Ron Geesin

Atom Heart Mother

Ron Geesin (b. 1943) is a British musician and composer, noted for his quirky creations and novel applications of sound. He is probably best known as the orchestrator and organizer of Pink Floyd’s ‘Atom Heart Mother’ in 1970, after the band found themselves hopelessly deadlocked over how to complete it.

Geesin first collaborated with the band’s Roger Waters (the two shared a love of golf) on 1970’s unconventional film soundtrack ‘Music from ‘The Body,” sampling sounds made by the human body. Ron Geesin played piano with The Original Downtown Syncopators, a Dixieland band emulating the Original Dixieland Band during the 1960s. The band was based in Sussex, UK.

After his first solo album, ‘A Raise of Eyebrows,’ in 1967, Geesin went on to launch one of the first one-man record companies, Headscope, with the self-released ‘As He Stands,’ ‘Patruns,’ and ‘Right Through.’ In 1971 he produced the pastoral ‘Songs for a Gentle Man’ by Bridget St John. Many of his electronic compositions were used as soundtracks to ITV’s 1970s and 1980s television broadcasts for schools and colleges. In the 1990s, Headscope released a pair of CDs, ‘Funny Frown’ and ‘Bluefuse,’ melding modern technology with appropriated and found sounds. In 1994, Cherry Red Records released ‘Hystery,’ an overview of his career. In 1995, Cleopatra Records released his ‘Land of Mist,’ a collection of instrumental ambiance.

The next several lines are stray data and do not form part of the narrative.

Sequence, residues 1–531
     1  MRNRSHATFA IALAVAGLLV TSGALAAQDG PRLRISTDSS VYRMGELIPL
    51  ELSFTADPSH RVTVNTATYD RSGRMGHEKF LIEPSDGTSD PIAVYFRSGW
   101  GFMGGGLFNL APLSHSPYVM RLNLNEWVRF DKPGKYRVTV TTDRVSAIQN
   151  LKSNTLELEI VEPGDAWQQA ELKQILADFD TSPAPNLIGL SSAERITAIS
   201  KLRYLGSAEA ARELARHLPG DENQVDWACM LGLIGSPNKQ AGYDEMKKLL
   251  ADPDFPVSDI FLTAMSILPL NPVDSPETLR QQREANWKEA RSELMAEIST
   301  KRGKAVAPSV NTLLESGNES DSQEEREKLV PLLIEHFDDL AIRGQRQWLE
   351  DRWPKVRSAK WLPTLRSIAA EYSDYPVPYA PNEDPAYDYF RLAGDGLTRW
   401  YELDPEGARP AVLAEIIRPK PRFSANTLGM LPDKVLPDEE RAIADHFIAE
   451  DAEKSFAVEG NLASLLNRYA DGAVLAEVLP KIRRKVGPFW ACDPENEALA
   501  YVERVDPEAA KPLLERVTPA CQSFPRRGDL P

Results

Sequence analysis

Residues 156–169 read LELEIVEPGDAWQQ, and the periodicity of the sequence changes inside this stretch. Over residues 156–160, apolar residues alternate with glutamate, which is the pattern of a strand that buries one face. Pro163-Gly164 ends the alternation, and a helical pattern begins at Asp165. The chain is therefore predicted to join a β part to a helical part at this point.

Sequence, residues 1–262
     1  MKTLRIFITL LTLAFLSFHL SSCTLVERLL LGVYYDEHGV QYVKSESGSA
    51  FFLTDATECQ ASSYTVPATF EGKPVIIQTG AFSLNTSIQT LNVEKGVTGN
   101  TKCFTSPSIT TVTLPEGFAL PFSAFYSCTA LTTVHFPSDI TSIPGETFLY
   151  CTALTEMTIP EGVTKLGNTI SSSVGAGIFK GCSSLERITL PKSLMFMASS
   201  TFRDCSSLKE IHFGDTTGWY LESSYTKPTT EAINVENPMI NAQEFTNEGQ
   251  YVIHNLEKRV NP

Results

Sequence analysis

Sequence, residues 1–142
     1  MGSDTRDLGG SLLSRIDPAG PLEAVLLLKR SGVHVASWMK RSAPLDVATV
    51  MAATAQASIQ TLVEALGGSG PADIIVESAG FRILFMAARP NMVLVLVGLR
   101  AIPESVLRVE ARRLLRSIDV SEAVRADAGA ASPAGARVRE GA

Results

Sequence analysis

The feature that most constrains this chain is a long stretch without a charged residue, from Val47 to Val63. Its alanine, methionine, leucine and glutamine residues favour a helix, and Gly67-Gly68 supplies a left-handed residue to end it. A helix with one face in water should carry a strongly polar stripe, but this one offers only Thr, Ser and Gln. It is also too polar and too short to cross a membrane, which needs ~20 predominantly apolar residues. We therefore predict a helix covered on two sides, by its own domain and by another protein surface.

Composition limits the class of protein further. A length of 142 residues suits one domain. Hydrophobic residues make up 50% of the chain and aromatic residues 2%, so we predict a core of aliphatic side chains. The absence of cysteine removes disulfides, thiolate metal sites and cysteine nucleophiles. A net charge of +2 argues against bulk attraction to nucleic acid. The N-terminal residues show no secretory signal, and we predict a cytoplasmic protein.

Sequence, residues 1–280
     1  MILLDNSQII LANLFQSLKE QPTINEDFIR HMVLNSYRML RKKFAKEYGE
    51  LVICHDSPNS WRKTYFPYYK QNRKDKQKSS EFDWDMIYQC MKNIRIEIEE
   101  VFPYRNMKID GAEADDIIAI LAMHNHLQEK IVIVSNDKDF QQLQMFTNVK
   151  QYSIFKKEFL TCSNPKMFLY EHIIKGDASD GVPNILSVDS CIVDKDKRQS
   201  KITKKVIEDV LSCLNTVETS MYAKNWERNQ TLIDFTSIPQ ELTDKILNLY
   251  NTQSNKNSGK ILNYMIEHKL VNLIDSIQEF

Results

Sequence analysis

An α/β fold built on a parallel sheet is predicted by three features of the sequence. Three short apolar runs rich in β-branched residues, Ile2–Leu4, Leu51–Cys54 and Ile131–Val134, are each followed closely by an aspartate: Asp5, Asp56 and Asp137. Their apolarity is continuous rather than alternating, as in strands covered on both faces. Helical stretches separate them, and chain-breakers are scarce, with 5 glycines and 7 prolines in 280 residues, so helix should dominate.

Geesin has long been interested in the potential for environmental sound and video installations. In 1970 he produced a sound-work for the British pavilion at the Osaka world fair. During the 1990s, he collaborated with the artist Ian Breakwell on video projects such as the large-scale work ‘Auditorium’ and live art pieces such as ‘Christmas Carol,’ in which four synchronized figures dressed in Santa Claus costumes performed in Newcastle’s Northumberland Street, having been banned from the Gateshead MetroCentre.

One of his rare appearances with other artists on the same album was on the extraordinary record ‘Miniatures – a sequence of tiny masterpieces’ produced by Morgan Fisher. Like all the other 50 tracks on the album, Ron’s exhilarating synth/vocal/banjo track ‘Enterbrain Exit’ was about one minute long. His 2011 album, a dense, continuous masterwork 50 minutes long, is called ‘Roncycle1’ and is available from Tonefloat Records in Holland.

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